City Power customers in Johannesburg are the only ones to experience four-hour blocks of continuous load-shedding, the power utility said in a tweet.
“Due to the interconnectedness with City Power systems, Eskom is engaging with City Power to reduce the duration of load-shedding as only areas in Johannesburg are currently experiencing four-hour load-shedding,” Eskom said.
“We hope to have an update on this change during the course of the week.”
In other areas, load-shedding is usually broken up into smaller blocks of around two hours each to reduce the maximum extended downtime caused by the rolling blackouts.
In Johannesburg, however, consumers often experience four-and-a-half-hour blocks of load-shedding at a time – even under stage 2.
With the COVID-19 pandemic forcing many South Africans to work from home, this extended downtime could be detrimental to professionals working remotely in Johannesburg – especially if they do not have any power backup systems.
Eskom had originally planned to stop load-shedding at 23:00 on Sunday 17 January, but it has been forced to continue implementing rolling blackouts due to its failure to return two generation units at the Kusile power station to service.
“Over the past 24 hours, Eskom teams were able to return a generation unit each at the Kriel, Grootvlei and Duvha power stations to service,” it said on Sunday.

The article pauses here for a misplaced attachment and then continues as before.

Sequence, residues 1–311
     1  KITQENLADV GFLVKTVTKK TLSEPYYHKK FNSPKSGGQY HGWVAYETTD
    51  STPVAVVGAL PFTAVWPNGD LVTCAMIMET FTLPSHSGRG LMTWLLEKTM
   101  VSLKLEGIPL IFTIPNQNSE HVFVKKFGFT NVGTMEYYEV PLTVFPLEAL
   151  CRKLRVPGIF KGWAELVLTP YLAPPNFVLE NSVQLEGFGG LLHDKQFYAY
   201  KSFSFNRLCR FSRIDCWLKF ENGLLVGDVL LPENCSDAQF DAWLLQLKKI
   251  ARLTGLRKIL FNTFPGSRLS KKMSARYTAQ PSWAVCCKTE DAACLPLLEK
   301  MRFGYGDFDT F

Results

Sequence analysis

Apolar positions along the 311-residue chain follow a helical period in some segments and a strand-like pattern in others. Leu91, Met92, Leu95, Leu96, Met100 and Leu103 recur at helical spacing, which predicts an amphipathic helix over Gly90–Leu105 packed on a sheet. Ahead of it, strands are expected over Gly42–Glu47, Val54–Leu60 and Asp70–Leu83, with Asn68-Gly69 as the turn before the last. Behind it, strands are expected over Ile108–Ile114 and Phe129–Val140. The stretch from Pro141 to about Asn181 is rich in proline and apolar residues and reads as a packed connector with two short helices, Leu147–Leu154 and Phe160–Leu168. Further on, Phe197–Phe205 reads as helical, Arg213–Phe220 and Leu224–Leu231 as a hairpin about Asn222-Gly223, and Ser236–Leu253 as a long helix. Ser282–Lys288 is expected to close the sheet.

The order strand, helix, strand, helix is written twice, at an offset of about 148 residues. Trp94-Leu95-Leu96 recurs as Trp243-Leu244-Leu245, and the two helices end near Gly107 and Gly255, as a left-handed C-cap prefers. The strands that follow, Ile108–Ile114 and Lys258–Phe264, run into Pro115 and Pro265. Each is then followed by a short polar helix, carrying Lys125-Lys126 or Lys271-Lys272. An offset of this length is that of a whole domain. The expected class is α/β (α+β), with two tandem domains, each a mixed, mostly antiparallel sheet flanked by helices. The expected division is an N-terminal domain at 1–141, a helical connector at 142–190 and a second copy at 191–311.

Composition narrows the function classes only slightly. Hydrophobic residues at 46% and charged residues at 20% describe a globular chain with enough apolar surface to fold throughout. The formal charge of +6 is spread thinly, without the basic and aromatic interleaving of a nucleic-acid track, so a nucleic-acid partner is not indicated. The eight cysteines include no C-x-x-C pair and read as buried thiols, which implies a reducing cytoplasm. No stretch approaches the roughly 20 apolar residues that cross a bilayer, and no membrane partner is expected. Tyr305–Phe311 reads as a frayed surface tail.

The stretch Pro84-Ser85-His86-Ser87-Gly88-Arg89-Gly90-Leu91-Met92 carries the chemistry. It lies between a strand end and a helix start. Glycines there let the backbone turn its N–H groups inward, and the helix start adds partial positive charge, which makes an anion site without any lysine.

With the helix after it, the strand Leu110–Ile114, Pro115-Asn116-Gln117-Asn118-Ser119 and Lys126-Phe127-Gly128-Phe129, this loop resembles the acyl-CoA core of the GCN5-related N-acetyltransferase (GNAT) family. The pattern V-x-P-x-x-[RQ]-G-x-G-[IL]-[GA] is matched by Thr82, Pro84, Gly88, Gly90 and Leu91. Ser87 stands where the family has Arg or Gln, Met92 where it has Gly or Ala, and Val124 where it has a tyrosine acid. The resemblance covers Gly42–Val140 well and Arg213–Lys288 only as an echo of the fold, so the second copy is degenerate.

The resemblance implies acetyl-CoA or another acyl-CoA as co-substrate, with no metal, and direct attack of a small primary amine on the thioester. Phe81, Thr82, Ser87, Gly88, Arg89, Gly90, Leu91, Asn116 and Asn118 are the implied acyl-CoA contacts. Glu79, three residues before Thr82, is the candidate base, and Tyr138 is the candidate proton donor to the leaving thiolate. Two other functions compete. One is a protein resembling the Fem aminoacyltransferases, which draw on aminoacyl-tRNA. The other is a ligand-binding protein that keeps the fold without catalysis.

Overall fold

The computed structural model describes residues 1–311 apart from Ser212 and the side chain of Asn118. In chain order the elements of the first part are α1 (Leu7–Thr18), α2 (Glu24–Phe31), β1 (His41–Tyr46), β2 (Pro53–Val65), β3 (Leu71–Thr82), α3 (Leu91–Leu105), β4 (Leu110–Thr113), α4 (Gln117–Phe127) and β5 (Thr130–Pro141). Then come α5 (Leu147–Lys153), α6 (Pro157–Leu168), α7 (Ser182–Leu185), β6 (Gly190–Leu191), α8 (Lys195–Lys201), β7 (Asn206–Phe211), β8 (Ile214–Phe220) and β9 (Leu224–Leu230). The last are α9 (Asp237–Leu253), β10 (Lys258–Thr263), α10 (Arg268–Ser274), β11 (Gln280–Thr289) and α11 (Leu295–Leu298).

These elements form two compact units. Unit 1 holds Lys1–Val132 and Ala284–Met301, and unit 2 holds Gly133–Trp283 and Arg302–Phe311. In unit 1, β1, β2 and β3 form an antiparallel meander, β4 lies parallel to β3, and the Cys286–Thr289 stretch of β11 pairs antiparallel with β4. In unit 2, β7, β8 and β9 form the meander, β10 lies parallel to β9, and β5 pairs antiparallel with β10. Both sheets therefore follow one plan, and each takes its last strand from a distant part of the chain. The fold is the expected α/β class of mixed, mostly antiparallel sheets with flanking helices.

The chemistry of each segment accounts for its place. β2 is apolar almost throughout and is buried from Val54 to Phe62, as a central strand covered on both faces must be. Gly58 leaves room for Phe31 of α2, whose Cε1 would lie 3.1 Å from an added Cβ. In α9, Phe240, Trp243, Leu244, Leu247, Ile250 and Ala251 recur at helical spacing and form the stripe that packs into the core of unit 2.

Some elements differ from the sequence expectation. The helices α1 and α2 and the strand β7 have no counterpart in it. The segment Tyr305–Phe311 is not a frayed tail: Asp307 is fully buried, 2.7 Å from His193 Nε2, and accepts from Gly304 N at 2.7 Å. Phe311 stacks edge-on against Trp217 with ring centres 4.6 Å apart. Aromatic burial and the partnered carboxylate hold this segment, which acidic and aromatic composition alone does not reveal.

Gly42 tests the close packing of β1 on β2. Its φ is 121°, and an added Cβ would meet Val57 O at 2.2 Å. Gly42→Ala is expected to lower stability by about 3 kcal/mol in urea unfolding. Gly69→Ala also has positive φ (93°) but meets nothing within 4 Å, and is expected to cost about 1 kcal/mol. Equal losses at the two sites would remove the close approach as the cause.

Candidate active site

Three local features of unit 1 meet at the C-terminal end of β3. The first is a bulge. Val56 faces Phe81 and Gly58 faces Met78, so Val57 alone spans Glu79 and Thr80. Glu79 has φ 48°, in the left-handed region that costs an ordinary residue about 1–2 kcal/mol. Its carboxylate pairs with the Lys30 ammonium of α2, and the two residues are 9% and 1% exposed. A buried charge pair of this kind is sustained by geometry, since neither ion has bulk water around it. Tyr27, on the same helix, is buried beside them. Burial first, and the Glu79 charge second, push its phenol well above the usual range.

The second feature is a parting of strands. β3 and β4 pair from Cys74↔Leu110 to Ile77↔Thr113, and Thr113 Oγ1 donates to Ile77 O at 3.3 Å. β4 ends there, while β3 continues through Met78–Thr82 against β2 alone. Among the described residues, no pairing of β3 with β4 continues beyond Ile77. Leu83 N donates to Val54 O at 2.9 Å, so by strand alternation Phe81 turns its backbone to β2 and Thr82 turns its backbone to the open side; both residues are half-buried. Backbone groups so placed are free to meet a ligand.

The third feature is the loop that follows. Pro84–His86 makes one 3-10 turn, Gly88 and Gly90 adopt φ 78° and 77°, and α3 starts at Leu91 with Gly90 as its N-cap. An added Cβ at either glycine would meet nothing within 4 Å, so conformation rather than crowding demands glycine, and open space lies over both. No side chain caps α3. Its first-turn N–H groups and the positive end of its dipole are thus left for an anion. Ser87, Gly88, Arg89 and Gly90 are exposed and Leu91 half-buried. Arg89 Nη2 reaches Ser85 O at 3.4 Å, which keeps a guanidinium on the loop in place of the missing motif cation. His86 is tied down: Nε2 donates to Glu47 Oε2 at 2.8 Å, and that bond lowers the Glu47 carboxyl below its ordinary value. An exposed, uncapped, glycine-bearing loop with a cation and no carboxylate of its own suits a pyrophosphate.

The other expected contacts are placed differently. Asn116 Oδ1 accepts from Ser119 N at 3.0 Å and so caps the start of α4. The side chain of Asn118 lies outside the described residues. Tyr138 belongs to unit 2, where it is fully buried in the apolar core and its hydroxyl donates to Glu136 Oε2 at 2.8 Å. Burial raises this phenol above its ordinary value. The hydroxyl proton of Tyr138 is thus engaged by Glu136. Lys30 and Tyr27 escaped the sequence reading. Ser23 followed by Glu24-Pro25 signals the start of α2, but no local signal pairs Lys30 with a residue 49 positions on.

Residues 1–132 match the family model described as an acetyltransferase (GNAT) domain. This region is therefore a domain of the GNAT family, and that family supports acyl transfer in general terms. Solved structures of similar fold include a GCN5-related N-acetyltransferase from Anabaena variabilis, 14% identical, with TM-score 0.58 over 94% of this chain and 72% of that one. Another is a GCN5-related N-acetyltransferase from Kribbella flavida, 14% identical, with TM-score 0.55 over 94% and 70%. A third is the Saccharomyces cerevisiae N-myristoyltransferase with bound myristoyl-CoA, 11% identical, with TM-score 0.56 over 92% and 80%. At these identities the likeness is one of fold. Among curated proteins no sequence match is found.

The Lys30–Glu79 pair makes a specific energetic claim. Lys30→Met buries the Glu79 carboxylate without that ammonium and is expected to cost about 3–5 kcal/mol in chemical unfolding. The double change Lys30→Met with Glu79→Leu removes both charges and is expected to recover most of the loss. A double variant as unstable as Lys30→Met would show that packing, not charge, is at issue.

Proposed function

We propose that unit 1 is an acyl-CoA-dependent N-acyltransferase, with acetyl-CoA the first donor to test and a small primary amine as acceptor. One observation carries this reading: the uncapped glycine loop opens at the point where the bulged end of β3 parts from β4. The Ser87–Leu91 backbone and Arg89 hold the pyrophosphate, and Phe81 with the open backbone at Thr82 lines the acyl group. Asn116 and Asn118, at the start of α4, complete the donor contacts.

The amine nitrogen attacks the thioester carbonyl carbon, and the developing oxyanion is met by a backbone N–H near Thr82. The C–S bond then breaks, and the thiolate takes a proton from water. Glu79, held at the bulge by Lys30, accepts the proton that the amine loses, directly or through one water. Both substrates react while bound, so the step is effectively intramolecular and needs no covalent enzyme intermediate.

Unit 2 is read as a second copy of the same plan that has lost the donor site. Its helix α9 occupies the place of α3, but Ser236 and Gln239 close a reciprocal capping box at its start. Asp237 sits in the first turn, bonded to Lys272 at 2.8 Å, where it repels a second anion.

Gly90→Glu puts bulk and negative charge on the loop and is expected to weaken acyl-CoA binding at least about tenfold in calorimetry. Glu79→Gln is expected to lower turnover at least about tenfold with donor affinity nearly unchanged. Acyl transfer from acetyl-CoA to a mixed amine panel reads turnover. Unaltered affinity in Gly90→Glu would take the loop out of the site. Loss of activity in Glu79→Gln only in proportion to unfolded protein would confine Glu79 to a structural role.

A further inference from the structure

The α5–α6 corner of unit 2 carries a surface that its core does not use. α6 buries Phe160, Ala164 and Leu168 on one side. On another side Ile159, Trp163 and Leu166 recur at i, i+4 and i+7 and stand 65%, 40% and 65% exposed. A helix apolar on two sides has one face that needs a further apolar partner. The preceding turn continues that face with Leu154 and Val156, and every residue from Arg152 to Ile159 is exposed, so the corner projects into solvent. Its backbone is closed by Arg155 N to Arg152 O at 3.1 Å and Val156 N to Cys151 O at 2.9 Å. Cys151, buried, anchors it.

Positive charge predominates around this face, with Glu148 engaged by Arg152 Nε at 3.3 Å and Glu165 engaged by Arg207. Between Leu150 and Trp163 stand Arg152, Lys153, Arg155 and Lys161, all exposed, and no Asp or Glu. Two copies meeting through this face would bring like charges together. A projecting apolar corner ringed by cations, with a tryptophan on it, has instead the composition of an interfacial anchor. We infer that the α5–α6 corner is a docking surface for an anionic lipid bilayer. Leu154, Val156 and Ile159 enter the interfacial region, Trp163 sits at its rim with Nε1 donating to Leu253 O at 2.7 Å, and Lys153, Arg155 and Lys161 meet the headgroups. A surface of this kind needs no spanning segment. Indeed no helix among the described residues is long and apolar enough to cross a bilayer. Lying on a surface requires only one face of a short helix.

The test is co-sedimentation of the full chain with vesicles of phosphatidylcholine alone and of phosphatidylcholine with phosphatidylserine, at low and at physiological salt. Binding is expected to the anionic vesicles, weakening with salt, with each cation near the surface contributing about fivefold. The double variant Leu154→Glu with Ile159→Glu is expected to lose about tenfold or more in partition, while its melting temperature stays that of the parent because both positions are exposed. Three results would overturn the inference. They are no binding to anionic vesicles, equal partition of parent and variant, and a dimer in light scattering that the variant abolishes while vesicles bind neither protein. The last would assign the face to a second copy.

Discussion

“Despite stringent measures to manage the impact of the second wave of the pandemic on the operations, we are experiencing some impact on operations, including suppliers.”
Load-shedding a risk for 2021
Eskom spokesperson Sikonathi Mantshantsha has warned that the risk of load-shedding remains elevated for the better part of 2021.
The risk will be reduced after September, but it is expected that load-shedding will remain a major risk until then.
“We will have a respite here and there during this period, but our reality is that load-shedding will be with us for quite a while,” he said.
Mantshantsha said it is regrettable that Eskom is in the situation it is, but added that their management and engineering teams are working hard to address the problems at the power utility.
He said four generation units at Medupi had their design defects repaired, and the last two are being worked on.
“The work will carry on at the Kusile power station and we hope to have a stable supply of 9,000MW from the two new power stations to reduce the risk of load-shedding,” he said.